I wrote an 11-part series on the issue of A2P SMS interconnect in September. In the past week, the issues of SMS pricing and SMS interconnect charges have been at the centre of two big stories in Times of India (business lead) and Business Standard (front page):
- Times of India (Nov 5): “…the cost to your mobile service provider of delivering your message to another mobile network is less than 1 paisa…This revelation not only belies claims that India has among the lowest telecom tariffs in the world, it could also set the stage for SMS rates to fall sharply. Voice calls are already being offered at 1 paisa per second. As new entrants flood into the market, SMS tariffs could become the next major frontier of the pricing war now raging in the Indian mobile services industry…Trai has so far refused to regulate SMS tariffs along with some other tariffs under what is known as forbearance. Forbearance is usually adopted by regulators when they believe that competitive markets are working and tariffs reflect true costs. As it turns out, the true cost of sending an SMS would never have come to light if new entrants had not been forced to sign interconnection agreements with existing operators at a price that is far higher than the actual cost.”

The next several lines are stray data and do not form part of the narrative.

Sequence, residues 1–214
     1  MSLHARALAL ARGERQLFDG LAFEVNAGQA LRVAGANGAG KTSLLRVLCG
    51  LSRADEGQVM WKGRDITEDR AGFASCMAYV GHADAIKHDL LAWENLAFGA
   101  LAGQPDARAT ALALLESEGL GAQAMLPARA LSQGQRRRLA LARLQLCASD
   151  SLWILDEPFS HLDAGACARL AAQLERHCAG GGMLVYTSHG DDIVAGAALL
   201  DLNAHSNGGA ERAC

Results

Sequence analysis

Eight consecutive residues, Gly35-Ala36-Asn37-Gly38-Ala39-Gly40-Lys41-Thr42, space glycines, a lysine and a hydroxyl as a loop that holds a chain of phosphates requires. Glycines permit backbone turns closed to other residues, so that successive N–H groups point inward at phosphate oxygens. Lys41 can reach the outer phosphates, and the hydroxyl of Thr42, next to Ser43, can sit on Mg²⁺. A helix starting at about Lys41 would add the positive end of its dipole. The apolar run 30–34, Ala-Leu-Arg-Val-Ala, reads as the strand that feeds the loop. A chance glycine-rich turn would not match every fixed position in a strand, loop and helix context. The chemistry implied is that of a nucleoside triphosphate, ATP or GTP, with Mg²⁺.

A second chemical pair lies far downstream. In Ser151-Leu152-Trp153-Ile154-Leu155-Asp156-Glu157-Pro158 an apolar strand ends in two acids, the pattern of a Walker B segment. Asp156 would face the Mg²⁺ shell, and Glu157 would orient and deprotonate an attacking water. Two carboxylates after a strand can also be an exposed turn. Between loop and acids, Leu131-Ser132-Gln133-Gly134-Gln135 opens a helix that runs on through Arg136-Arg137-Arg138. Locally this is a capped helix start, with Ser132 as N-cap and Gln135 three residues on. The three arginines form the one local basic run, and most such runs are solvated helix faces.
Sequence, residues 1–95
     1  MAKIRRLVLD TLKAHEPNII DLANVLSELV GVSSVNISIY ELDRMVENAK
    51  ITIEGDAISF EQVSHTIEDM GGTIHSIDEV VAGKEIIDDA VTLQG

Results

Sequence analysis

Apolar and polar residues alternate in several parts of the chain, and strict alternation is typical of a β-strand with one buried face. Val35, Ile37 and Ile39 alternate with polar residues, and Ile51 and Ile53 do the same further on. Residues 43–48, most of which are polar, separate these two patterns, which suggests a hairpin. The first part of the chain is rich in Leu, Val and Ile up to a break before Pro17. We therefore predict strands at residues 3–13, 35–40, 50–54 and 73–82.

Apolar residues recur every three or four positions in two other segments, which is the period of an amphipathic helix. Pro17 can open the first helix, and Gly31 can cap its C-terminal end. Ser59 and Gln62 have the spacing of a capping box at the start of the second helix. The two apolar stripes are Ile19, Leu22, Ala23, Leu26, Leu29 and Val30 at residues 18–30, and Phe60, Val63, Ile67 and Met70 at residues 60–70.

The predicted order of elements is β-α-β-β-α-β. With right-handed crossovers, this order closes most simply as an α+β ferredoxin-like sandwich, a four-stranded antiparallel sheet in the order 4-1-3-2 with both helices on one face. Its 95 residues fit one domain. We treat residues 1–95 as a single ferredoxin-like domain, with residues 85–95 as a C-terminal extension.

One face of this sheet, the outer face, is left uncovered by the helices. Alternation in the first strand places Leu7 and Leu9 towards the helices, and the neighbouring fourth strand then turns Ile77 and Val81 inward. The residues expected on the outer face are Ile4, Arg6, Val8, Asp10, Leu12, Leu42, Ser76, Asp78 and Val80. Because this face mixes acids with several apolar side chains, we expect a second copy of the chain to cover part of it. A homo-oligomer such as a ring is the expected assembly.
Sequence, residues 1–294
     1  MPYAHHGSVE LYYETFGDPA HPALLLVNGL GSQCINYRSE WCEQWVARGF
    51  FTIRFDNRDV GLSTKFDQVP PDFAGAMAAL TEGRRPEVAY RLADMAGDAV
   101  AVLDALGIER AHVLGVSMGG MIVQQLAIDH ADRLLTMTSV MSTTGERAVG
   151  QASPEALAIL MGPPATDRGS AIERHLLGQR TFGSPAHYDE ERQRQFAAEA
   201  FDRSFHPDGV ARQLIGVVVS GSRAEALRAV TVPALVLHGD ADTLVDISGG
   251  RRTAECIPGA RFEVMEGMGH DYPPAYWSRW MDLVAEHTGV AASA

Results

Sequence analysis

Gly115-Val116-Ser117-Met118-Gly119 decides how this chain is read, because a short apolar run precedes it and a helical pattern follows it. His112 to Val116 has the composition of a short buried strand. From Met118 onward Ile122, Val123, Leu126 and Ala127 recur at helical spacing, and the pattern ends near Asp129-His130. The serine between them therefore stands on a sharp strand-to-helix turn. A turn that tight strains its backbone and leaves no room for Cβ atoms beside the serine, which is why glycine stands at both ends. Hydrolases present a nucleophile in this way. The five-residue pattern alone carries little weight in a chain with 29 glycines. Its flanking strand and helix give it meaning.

- Business Standard (Nov 6): “The regulator is also re-examining SMS tariffs, which have not fallen as steeply as voice calls. SMS tariffs are around 50 paisa, virtually the same as a one-minute voice call, suggesting there is scope for reduction.Trai is expected to come out with a consultation paper on SMS tariffs as well as on fixing termination charges on them ahead of final recommendations.The move to impose termination charges has arisen because many telecom companies took advantage of their absence to sign bulk SMS deals with companies that were sent to customers of other telecom operators, a practice that resulted in choking the system.”
- Times of India (Nov 9): “Telecom regulator Trai has been besieged with representations from several quarters, including consumer activists and members of Parliament, asking it to abandon its policy of forbearance with regard to SMS tariffs.
- Business Standard (Nov 9): “Since the IUC, for voice calls or SMSs, is based on the amount of the network that is being used, the size of the file being transmitted is critical. Well, a 160-character SMS has a size of around 1kb, while a voice call is around 16kb per second. Today, with voice calls priced at 1 paisa a second, this means that instead of the current 50 paise to a rupee, SMS tariffs should be a fraction of 1 paisa, and the IUC on them even less.”
A story on Medianama detailed the A2P SMS implications. “India’s push SMS industry is facing a challenge with operators Airtel and Tata Indicom increasing the interconnect charges applicable on application to person (A2P) SMSs on each other’s network. A2P SMSs include marketing information text messages relayed by enterprises such as banks, airlines, theatres, or by content aggregators.”
So, what needs to happen? I will discuss this tomorrow.